Health Canada will propose regulations requiring drug trial sponsors to provide data broken down by sex, age and race in an effort to better protect groups, including women, racialized populations and the elderly, from ineffective treatments and adverse side effects.
“We absolutely need to do better,” said Supriya Sharma, chief medical advisor at Health Canada. “I can’t go back and correct or change the history. What I can say is that now there really is a genuine concerted effort, not only in Canada, but internationally, to make sure they’re adequately represented.”
While age, sex and racial diversity in clinical trials has increased somewhat in recent decades, research has shown that data on diverse participants is regularly amalgamated rather than analyzed separately. As a result, information on how well drugs work for under-represented groups is often lost. The impact, according to experts, is that these groups may be receiving less effective or even more dangerous treatments.
“There are big gaps out there potentially when you don’t have that kind of information,” said Paula Rochon, a geriatrician and senior scientist at Women’s College Research Institute. Historically, she said, there has been a “mentality that one size fits all and I think we’re becoming increasingly aware that that’s not the case.”
Health Canada acknowledges that the gap means the risks and benefits of pharmaceuticals are unclear for some groups. In practice, Dr. Rochon said this means that patients could be developing needless side effects.
Dr. Sharma said the department wants “to make sure that we have therapies, medications and treatments that are available to people that are accurately studied.”
In early October, the federal government launched a questionnaire for new drug submissions asking trial sponsors – industry, academic institutions and contract research organizations – to report on whether their data is disaggregated by sex, age and race or ethnicity. Starting in December, submissions that fail to answer the questionnaire can be rejected for review. Health Canada is seeking to establish a baseline, with the aim of “improving capacity to collect the disaggregated data that we need to assess, monitor and report on.”
While this initiative does not require trial sponsors to collect this information, experts said it’s a positive step. “Women have been calling for more stringent accountability by federal regulators for drug approvals for women for over 30 years. I am thrilled that Health Canada is taking leadership,” said Dr. Cara Tannenbaum, a women’s health researcher and professor at the University of Montreal.
Health Canada said the questionnaire is phase one of a plan to strengthen the oversight of drug submissions. The second phase is the regulatory amendment that would compel drug manufacturers to submit disaggregated data.
The proposed regulation, expected before the end of the year, will require drug trial sponsors to submit data disaggregated by sex, age and race, but only if this information has already been submitted to the European Medicines Agency or the U.S. Food and Drug Administration.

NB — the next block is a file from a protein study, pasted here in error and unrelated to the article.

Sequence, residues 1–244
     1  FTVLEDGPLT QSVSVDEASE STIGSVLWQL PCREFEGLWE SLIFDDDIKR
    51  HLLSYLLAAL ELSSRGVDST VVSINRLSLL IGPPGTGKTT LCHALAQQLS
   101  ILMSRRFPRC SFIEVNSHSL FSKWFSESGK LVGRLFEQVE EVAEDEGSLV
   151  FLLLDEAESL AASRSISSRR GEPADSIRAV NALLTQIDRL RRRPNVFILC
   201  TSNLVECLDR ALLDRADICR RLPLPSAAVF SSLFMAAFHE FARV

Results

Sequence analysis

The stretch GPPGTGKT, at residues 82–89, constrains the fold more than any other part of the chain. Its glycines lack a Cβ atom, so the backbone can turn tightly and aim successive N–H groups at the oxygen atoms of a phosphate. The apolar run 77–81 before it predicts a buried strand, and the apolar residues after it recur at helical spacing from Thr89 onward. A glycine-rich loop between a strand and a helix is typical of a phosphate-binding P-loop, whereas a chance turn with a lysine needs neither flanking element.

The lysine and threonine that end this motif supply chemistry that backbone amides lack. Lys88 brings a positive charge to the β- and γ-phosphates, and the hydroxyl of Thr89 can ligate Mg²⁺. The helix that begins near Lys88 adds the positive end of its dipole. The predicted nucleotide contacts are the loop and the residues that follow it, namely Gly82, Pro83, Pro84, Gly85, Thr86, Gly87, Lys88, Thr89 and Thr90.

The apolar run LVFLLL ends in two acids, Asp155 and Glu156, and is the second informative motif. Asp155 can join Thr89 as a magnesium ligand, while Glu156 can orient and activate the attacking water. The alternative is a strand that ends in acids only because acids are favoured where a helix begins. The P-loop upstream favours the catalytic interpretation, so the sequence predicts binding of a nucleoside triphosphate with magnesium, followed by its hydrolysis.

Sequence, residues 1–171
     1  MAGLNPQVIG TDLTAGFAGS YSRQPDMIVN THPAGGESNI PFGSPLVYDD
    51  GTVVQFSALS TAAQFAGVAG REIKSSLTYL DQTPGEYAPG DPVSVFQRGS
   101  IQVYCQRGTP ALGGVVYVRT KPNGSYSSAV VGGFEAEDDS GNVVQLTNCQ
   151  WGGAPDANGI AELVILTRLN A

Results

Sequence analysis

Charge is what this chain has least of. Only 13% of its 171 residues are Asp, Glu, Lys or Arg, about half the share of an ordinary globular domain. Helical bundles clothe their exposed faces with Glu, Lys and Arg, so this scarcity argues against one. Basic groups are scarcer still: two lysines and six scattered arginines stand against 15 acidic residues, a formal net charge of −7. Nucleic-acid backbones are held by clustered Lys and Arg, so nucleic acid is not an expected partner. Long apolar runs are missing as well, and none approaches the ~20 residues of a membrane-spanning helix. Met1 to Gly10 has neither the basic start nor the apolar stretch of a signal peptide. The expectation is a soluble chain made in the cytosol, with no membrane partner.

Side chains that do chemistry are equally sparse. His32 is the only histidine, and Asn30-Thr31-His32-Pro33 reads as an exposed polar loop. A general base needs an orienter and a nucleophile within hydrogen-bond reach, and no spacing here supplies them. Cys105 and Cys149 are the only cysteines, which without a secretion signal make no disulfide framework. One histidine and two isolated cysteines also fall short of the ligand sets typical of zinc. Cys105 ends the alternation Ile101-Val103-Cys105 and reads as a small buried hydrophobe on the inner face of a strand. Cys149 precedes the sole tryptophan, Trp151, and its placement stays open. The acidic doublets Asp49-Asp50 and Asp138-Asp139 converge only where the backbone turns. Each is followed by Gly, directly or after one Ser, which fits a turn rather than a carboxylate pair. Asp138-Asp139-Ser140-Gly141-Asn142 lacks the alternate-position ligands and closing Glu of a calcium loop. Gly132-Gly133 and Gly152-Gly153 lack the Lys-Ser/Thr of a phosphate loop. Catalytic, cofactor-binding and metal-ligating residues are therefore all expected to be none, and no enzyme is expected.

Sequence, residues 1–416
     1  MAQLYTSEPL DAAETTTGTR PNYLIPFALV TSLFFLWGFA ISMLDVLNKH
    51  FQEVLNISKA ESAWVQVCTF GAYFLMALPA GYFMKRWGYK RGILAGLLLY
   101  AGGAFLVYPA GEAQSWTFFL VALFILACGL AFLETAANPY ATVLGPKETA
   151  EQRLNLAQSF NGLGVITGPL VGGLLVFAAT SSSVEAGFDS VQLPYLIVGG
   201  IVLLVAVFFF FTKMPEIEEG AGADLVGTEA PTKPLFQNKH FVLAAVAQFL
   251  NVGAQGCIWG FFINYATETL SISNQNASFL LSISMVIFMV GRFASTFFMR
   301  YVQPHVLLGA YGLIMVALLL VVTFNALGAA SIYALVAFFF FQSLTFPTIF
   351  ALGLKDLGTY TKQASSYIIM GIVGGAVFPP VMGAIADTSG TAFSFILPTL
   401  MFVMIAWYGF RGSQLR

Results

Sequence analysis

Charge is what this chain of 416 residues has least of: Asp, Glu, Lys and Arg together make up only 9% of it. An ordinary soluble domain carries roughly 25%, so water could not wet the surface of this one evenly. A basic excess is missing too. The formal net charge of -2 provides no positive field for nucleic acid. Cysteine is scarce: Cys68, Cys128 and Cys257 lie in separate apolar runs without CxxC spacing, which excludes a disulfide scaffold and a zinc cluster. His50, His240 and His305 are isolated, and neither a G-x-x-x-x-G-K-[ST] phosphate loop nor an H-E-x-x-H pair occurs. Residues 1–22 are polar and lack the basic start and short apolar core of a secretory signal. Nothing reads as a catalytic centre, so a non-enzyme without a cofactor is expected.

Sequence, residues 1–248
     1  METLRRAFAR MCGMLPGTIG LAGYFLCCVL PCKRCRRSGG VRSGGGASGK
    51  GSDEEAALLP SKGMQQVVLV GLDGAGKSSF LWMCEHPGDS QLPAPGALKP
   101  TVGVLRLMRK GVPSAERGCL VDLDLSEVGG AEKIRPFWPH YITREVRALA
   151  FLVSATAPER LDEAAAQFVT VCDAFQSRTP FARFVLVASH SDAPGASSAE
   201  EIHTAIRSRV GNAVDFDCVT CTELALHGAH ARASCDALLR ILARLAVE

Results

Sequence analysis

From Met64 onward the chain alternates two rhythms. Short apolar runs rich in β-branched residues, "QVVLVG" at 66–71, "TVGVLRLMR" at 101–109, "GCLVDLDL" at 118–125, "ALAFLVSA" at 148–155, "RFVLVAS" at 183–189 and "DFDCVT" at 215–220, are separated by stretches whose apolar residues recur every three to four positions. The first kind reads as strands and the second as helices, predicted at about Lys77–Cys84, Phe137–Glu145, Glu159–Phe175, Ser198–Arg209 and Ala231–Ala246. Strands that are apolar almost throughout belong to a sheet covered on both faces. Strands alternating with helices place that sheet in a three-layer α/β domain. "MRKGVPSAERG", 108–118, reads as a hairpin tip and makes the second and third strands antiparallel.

This caveat will water down the impact of this regulation, said Joel Lexchin, a recently retired emergency room doctor and a former professor at York University who has been researching pharmaceutical policy in Canada for 40 years. “Basically, all they’re saying is if you’ve already done the work, you may as well give it to us, too.”
It is not mandatory that submissions to the EMA include such information. However, the FDA has required all new drug submission applications to include trial data broken down by sex, age and race since 1998.
The fact that Canada is not a large market means companies are less inclined to cater trial design to Canada-only requirements, Dr. Lexchin said. The attitude, he said, can be, “If you’ve got to do things specifically for the Canadian market, why bother?”
There is a fine balance to strike, said Lorraine Greaves, a medical sociologist and the chair of the Scientific Advisory Committee on Health Products for Women, which is advising Health Canada on the proposed regulatory change.
Canada receives submissions from international companies doing research in other jurisdictions. So for Canada to ask for data that isn’t required in other markets would raise the bar for trial sponsors, she said.
“Our committee endorses that higher bar and we believe that should be our aspiration, but there are likely market forces and other kinds of issues that are at play in those regulatory decisions and policy decisions in Canada.” The Canadian government, Dr. Greaves said, “does not want to diminish the accessibility or availability of certain drugs.”
Health Canada plans to publish its draft guidance on the regulatory amendment in the Canada Gazette by the end of December 2022 for public consultation. Dr. Sharma said that if the process moves quickly the regulation could be in place in the first half of 2023.